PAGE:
Whatever floats your boat.

As for me and my house, we’ll be observing Christmas with members of our extended family. This month two new things have happened that will change our lives significantly. Mrs. RWP and I have begun sponsoring a little boy and a little girl at a school in Kenya, and we also will be welcoming a new doggie into our household on Friday from the humane society.

Stay tuned.

Thursday, December 14, 2017

A note to my adoring public

All three of you.

I'm kidding.

Or not, as the case may be.


And you didn't even know I was gone. Well I was, for several days. My computer has been to the computer doctor getting its little self all cleaned up and scoured and healthy again after I was nearly scammed by some people online who posed as Microsoft/Windows Help Desk/Network Technicians, took control of my computer remotely, and tried to convince me I needed to install a firewall for only (ONLY) $1,999.99 USD or maybe $1,680.00 or maybe a mere $500.00 immediately with 12 monthly payments of an unspecified amount to follow before they would return control to me.

As Howie Mandel might say, "Deal or No Deal?"

I won't bore you with any more of the gory details, but all is now well again in our happy household for a mere pittance of $79.00 to the aforementioned computer doctor. He doesn't make house calls, though. I had to transport my little darling impersonal communications device 20 miles to his place of business and then retrieve it a couple of days later.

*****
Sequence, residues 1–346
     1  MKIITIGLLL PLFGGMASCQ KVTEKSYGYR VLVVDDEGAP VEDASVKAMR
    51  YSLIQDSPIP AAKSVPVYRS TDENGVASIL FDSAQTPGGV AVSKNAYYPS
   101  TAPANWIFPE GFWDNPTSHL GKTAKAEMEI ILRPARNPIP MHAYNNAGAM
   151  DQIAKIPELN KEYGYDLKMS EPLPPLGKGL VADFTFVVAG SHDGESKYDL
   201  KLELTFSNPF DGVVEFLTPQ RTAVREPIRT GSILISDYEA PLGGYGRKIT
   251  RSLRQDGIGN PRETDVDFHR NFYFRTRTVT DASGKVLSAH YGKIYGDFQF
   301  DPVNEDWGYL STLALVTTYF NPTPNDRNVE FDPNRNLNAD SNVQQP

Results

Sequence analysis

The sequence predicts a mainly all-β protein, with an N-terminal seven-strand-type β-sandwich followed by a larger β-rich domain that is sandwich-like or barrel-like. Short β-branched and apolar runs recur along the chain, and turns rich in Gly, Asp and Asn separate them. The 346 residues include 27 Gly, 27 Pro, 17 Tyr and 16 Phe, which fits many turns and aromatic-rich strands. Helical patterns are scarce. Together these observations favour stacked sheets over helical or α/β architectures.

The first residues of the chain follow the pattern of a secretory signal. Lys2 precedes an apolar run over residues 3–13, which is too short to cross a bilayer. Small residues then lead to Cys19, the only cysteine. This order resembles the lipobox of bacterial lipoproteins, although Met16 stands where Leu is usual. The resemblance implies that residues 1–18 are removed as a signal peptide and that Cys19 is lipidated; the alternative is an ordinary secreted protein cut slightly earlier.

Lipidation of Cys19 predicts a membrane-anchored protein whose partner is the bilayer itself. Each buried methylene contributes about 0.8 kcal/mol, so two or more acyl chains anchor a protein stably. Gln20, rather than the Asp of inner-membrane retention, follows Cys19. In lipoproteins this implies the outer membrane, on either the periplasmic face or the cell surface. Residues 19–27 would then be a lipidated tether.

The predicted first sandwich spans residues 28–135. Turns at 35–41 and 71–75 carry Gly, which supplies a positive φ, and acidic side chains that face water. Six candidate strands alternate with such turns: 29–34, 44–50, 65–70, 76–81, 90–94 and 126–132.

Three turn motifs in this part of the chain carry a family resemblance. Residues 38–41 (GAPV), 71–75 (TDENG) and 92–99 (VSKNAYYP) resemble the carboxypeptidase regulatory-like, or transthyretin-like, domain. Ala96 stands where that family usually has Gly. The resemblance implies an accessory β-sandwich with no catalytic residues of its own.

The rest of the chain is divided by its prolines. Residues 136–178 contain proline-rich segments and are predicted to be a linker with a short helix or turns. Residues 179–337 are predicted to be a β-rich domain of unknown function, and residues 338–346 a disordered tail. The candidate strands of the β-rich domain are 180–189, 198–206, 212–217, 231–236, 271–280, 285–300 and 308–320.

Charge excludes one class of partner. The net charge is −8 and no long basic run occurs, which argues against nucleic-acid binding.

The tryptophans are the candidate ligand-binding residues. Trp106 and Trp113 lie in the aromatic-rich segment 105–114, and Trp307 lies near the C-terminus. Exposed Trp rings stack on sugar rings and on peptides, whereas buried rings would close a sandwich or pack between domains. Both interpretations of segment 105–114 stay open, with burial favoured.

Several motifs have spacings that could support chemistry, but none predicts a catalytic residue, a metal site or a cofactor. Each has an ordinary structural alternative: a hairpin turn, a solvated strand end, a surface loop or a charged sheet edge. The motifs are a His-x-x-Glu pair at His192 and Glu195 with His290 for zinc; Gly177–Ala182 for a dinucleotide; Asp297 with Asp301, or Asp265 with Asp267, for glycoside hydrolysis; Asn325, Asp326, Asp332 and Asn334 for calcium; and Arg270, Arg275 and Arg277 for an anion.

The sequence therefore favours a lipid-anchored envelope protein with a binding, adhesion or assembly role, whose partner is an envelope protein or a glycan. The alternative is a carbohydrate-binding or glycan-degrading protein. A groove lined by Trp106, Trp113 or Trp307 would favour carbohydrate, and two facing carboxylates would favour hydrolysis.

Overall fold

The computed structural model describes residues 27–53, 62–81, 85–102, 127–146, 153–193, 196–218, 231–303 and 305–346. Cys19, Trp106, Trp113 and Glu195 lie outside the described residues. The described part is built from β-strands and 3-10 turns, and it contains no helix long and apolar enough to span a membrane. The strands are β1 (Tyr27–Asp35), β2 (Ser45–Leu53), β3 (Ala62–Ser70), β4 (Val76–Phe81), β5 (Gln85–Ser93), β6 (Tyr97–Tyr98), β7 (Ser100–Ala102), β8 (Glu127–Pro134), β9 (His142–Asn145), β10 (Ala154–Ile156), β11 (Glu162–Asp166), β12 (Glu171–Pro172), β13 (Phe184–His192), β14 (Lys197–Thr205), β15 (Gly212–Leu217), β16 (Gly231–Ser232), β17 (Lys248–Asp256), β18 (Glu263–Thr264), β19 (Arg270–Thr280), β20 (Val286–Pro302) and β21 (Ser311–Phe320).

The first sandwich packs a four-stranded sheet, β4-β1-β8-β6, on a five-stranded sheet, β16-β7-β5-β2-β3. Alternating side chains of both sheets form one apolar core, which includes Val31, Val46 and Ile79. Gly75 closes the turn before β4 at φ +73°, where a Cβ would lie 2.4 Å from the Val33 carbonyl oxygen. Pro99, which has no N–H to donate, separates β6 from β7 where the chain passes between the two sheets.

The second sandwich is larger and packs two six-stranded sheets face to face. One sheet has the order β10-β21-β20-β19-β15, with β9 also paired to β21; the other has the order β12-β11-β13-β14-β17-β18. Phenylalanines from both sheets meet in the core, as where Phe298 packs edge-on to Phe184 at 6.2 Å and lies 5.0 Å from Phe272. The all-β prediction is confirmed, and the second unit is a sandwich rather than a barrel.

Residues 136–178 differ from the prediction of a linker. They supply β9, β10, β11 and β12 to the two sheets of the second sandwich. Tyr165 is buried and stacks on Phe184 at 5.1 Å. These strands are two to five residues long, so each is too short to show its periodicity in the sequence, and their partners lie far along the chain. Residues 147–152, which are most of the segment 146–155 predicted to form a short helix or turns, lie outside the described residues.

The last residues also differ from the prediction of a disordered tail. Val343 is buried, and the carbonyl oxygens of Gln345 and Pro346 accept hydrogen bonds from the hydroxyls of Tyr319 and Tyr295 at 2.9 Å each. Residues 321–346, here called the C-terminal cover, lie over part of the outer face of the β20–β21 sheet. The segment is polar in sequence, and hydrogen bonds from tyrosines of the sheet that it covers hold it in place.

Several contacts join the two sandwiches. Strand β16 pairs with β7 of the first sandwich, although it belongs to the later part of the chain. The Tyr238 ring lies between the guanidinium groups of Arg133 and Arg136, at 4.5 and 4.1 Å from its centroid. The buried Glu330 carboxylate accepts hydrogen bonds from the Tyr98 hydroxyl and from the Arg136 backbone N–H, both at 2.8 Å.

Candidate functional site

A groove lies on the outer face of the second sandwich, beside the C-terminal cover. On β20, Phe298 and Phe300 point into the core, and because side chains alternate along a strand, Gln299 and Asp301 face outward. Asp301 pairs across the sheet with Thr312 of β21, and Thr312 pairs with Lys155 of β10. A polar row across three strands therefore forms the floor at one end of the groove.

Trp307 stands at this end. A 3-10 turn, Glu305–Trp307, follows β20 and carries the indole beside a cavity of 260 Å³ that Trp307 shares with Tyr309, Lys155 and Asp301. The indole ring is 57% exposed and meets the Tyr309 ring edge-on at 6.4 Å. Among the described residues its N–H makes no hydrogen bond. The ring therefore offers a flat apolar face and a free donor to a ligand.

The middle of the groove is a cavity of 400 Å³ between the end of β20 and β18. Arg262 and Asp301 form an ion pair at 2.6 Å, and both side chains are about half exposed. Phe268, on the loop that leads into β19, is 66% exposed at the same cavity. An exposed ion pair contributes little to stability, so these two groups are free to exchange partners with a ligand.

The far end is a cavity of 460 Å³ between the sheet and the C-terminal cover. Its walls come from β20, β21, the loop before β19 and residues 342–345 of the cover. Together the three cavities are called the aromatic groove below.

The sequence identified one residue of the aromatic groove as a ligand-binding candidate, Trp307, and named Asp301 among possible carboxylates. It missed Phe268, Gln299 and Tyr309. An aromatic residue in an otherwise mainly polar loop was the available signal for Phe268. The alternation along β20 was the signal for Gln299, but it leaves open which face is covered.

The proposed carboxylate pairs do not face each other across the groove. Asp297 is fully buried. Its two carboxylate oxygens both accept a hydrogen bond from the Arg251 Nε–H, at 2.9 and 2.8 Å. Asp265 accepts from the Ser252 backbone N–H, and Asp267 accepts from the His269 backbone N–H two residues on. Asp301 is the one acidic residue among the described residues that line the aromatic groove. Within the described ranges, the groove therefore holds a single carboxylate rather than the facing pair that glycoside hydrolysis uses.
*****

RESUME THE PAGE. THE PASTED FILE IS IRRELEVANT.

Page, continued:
As good old Will Shakespeare or Christoper Marlowe or somebody once said, "All's well that ends well."

Moving right along, it appears that unless I get very busy in the next couple of weeks, my total number of blogposts in 2017 will be less than last year's total. My long, slow decline has been in progress for some time now, and it continues apace.

Right now we are smack dab in the middle of both Hanukkah and Advent with Christmas looming on the horizon (it begins December 25th and lasts, remember, until January 6th, when it is supplanted by Epiphany) and just in case I don't get back here at all, let me wish you one and all the happiest of whatever holidays you do or do not celebrate. We will probably not be sending out Christmas cards this year, but I am grateful that we have received six to date, including one from Snowbrush in Oregon and one from All Consuming in England, which correspondents should now consider themselves duly thanked in front of the whole wide world.

Oh, and I hope your St. Lucia's Day observance yesterday was a memorable one.

(Photo by Claudia Gründer, 13 December 2006, used in accordance with CC BY-SA 3.0)

Friday, December 8, 2017

With apologies to George and Ira Gershwin, Frank Sinatra, Ella Fitzgerald, Michael Bublé, and the entire entertainment industry

A snowy day... Canton town

It had me up...

It had me down...

I viewed the morning...

with alarm...

The Stone Mountain carving...
(photo by Pilotguy251 taken 9 July 2015, used in accordance with CC BY-SA 4.0)

...had lost its charm...
(photo by Jim Bowen taken 26 January 2012, used in accordance with CC BY-SA 2.0)

How long, I wondered, could this thing last?
But the age of miracles hadn't passed
For suddenly I saw YOU (my blogging friends) there
And in snowy Canton town the sun was shining everywhere!

<b> Mundane is also a word</b>

My blogger friend Rachel Phillips is currently in the midst of a series of posts (three so far) about a trip she took with her friends Liz...